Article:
Posted by Mark J. Miller on March 18, 2013 05:37 PM
Athletic wear companies generally figure that partnering with professional sports leagues will lead to its brand name lodging into the minds of millions of potential consumers. They likely don’t predict that their product might be linked to major, life-changing injuries.
Riddell has been the official helmet of the National Football League for at least a quarter century and most of that time, has likely been good for the company. In recent years, however, as the NFL’s concussion problem has made itself more known outside of the league, the association might not be as positive.
The league is facing a lawsuit from more than 4,000 former players who claim they weren’t protected as well as they should have been, with part of the battle centering around helmets that may have offered better protection, but were stifled by the league, Bloomberg reports.Continue reading...
Posted by Mark J. Miller on March 7, 2013 06:17 PM
America has spent more time working or looking for jobs in recent years and it’s put the hurt on some recreational activities. That’s been quite a blow, apparently, to Quiksilver, the brand that’s long been synonymous with surfing, skateboarding and snowboarding.
Andy Mooney, who took over as CEO in January after running the show at Disney Consumer products and spending two decades at Nike, got to share the bad news with the world Thursday as the company reported not-so-great quarterly earnings. Overall revenues for the first quarter, which ended January 31, were down 3 percent to $431 million from $450 million the previous year. American net revenues dropped 9 percent in the quarter to $186 million, down from $205 million. The only major plus for the quarter was that e-commerce sales had gone up 39 percent to $33 million. Continue reading...
Posted by Mark J. Miller on March 5, 2013 07:17 PM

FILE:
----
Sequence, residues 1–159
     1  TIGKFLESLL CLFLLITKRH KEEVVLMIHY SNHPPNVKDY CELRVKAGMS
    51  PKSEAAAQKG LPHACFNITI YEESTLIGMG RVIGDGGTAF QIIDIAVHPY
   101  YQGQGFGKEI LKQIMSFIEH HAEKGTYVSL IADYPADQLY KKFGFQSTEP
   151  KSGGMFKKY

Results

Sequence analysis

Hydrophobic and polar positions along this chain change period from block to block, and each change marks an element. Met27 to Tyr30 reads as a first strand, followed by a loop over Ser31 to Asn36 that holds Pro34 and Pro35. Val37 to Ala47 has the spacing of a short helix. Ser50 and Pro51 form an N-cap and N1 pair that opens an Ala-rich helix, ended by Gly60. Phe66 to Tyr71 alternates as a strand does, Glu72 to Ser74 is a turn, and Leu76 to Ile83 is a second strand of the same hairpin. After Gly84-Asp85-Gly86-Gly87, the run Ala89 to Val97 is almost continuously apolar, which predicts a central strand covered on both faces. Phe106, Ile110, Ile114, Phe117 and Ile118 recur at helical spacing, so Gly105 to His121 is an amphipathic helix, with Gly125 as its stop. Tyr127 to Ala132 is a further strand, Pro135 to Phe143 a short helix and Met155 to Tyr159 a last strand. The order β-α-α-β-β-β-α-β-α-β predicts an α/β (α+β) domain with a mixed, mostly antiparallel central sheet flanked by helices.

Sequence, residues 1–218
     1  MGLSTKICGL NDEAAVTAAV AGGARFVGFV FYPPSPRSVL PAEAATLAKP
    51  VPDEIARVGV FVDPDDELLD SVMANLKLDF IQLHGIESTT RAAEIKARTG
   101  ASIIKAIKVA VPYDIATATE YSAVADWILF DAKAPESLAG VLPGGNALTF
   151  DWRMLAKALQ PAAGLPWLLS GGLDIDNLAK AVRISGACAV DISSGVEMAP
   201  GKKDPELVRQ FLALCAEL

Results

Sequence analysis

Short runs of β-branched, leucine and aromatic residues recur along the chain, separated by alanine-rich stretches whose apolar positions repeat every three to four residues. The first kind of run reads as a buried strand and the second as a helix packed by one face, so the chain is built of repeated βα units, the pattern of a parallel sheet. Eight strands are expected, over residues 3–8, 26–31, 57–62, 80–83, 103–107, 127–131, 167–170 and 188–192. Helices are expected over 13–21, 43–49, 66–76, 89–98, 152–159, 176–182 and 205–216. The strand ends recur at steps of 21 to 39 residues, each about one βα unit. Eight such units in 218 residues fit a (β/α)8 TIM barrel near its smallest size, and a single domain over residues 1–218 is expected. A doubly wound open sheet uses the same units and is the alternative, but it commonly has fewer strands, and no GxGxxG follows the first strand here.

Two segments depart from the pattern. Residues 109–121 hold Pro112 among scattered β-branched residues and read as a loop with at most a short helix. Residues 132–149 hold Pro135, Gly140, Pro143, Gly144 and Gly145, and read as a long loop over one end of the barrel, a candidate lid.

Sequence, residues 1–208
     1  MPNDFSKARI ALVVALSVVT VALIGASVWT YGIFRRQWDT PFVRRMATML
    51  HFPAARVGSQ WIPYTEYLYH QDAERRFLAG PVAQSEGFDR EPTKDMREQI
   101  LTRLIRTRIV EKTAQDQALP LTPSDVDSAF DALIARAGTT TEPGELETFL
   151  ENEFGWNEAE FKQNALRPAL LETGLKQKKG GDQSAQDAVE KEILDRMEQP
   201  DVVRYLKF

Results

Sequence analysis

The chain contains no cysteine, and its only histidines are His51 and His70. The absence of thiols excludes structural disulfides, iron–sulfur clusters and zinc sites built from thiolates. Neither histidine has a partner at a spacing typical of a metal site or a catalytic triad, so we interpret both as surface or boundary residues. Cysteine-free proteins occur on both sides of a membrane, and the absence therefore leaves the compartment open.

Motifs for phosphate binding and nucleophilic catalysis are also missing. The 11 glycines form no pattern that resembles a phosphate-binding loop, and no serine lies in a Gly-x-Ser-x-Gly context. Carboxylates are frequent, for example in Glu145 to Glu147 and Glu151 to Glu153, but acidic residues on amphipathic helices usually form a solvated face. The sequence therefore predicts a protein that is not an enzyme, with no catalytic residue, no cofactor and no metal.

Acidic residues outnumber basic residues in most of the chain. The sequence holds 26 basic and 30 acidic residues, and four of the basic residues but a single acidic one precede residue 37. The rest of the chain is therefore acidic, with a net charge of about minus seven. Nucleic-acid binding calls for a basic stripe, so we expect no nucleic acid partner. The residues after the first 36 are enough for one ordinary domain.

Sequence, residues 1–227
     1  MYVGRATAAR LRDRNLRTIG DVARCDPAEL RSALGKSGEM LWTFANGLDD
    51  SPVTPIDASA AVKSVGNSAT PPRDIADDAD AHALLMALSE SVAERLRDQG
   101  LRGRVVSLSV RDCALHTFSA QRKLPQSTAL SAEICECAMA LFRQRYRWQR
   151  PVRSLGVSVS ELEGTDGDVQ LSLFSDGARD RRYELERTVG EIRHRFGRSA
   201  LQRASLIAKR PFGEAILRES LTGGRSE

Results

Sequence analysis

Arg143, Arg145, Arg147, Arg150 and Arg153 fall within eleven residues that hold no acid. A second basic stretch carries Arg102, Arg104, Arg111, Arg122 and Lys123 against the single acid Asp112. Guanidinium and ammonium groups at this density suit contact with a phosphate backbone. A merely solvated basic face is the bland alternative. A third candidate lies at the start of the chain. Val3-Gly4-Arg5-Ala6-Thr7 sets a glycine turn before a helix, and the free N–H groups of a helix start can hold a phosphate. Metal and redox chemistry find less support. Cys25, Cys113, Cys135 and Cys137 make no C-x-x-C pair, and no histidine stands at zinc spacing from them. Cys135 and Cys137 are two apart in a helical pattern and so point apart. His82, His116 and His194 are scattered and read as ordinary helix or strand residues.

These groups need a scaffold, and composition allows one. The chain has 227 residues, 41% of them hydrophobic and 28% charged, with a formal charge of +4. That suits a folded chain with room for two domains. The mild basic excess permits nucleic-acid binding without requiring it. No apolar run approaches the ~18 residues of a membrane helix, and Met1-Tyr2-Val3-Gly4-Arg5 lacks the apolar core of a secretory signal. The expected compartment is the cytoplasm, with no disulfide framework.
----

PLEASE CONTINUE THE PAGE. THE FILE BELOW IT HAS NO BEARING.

Collegiate sports have probably the largest fan base in American athletics, with an estimated 173 million fans who support the cause.
While schools like the University of Texas and the University of Alabama generally lead the NCAA in merchandise sales and national recognition, Oregon State would apparently like a bigger piece of those pies. To that end, the Oregon State Beavers have teamed with their fellow state dwellers at Nike to try and revamp their brand.
The new look, introduced Monday night, will be seen on the new uniforms for the football, men's and women's basketball, men’s and women’s soccer and track programs, modernizing and strengthening the athletic brand across all 17 sports teams. Portland Business Journal reports. None of them will hit the field till August, but the new logo (below) will immediately be put into use.Continue reading...
Posted by Mark J. Miller on February 26, 2013 01:07 PM
World War II and 9/11 are the only things that have kept the best European and American golfers from squaring off against each other every two years since the late 1920s in the Ryder Cup.
Though it has such big names as Jack Nicklaus, Arnold Palmer, Nick Faldo, Tiger Woods and Colin Montgomerie involved and been around for 85 years, the Ryder Cup has never had a worldwide sponsor—until now.
Scotland’s Standard Life Investments has signed on to fill that spot for the next two Cups, Reuters reports. "This announcement follows the launch of the unified Ryder Cup global brand identity and the stated aim of Ryder Cup Europe and the PGA of America to secure global partnerships going forward," said Pete Bevacqua, chief executive officer of the PGA of America. The tournament is one of the sport's biggest, reaching up to 500 million daily TV viewers in 183 countries. Continue reading...